What started as a nor'easter in March 1993 ended as a disaster dubbed the "Storm of the Century." In its wake were record snowfalls, coastal flooding, record-low temperatures, tornadoes, 318 lost lives and a hard look at the communication failures that took place in the days leading up to the storm.
The Storm of the Century was the product of an unlikely union: Three massive -- and separate -- weather systems unexpectedly mingled over the Gulf of Mexico and affected states along the East Coast, from Florida to Maine, as well as interior states that didn't often feel the effects of a powerful nor'easter. After the 100-year storm had run its multi-day course, 2.5 million people were without power and up to $6 billion in damage had been reported. For the first time in history, all the major airports on the Eastern Seaboard were shut down at the same time.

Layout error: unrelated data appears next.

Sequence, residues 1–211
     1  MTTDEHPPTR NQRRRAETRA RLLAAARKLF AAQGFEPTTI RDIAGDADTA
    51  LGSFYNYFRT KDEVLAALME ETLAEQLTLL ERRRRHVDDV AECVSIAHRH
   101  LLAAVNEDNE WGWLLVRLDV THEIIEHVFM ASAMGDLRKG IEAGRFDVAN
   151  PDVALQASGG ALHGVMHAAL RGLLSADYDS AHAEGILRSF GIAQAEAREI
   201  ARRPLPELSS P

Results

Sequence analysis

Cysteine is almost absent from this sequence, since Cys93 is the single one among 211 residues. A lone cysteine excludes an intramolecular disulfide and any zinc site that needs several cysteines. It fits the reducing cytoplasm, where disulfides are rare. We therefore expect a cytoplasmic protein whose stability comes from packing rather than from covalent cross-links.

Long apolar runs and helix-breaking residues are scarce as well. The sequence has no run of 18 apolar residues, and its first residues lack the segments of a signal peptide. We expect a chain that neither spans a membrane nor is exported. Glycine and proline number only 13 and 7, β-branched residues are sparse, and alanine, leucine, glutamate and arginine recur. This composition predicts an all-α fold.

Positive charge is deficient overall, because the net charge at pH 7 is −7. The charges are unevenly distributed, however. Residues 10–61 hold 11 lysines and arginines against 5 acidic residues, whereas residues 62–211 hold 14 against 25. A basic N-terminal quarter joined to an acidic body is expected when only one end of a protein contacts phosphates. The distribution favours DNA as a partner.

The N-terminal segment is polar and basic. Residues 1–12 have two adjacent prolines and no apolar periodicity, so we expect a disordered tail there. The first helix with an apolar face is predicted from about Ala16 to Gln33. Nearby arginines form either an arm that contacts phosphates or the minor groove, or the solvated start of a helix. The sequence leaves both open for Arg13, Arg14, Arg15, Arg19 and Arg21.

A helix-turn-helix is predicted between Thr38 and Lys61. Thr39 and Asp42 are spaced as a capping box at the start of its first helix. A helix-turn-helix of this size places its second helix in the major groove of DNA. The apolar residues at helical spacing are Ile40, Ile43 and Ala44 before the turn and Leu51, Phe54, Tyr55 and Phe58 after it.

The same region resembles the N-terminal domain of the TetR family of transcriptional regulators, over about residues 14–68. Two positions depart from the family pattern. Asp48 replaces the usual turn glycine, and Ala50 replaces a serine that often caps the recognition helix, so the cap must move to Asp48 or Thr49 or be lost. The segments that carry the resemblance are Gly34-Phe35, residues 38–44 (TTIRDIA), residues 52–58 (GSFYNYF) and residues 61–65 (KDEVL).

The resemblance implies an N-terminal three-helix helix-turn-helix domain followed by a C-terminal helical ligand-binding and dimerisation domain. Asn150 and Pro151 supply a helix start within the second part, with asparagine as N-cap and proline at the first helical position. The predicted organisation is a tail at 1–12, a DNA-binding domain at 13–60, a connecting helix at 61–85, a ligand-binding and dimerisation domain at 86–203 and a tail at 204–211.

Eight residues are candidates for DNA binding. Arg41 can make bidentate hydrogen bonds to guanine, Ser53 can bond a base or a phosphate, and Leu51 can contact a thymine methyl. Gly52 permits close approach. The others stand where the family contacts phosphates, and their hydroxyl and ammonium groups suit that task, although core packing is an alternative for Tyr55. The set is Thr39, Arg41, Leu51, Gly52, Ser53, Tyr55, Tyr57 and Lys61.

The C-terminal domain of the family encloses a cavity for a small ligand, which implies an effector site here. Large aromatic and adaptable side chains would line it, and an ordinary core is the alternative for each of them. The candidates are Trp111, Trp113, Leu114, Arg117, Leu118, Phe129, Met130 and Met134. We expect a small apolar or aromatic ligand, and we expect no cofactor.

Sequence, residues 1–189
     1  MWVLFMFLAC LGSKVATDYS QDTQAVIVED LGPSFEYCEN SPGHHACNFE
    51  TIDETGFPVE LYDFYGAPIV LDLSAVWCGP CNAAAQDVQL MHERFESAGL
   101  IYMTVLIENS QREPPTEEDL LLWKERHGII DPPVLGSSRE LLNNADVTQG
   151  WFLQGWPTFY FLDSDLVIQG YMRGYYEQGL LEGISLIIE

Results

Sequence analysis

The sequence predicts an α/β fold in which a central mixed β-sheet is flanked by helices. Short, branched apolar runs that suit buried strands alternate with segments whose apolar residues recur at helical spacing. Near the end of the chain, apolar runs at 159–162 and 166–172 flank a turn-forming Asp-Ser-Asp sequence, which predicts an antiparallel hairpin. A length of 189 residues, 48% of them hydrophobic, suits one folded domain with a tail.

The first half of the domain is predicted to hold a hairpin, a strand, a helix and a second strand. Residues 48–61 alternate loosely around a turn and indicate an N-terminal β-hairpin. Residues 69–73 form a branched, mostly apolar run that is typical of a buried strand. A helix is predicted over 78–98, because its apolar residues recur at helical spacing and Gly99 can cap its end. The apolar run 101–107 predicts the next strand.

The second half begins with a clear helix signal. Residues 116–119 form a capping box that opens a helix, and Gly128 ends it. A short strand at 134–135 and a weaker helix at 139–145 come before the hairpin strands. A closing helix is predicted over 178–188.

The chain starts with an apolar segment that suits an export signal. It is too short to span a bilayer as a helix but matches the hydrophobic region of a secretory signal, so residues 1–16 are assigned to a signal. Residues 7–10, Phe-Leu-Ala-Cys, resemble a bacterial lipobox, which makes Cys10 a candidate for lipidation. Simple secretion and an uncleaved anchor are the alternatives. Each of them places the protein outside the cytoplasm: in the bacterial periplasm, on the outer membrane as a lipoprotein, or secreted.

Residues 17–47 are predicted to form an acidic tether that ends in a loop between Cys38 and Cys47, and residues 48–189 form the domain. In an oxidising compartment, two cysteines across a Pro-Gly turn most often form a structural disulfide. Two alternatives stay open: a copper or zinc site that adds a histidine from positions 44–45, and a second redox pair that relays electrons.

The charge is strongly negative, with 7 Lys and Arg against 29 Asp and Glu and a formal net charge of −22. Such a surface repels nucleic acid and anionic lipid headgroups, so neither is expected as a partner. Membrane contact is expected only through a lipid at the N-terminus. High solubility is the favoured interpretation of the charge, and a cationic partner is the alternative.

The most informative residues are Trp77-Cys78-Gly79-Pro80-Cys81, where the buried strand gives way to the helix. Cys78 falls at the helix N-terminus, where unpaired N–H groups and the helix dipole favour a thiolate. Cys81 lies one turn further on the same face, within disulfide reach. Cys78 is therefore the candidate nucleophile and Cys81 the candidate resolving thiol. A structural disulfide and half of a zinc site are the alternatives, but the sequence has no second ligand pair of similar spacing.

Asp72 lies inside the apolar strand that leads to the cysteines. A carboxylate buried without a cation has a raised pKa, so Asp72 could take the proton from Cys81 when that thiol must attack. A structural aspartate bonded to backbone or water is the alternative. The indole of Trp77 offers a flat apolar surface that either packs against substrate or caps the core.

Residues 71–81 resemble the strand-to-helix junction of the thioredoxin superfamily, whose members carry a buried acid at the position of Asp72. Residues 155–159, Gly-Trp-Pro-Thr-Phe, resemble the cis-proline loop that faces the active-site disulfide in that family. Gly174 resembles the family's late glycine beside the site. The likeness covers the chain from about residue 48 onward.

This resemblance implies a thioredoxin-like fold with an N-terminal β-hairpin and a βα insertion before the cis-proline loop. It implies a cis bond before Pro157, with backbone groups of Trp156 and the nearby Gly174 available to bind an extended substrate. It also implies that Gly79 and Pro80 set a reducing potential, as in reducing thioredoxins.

In addition to the damage to people and property, the storm highlighted the importance of communication between national forecasters and local officials. In Florida, which bore the brunt, a storm surge damaged 18,000 homes in areas recovering from the previous year's Hurricane Andrew, yet the state's emergency officials said they weren't properly notified of the storm's magnitude. As a result, the National Oceanic and Atmospheric Administration instituted a new process to more effectively disseminate weather threats and developed more accurate snowfall prediction models. In 2012, snowfall prediction was 75 percent accurate, up from 37 percent in 1993 [source: Galvin].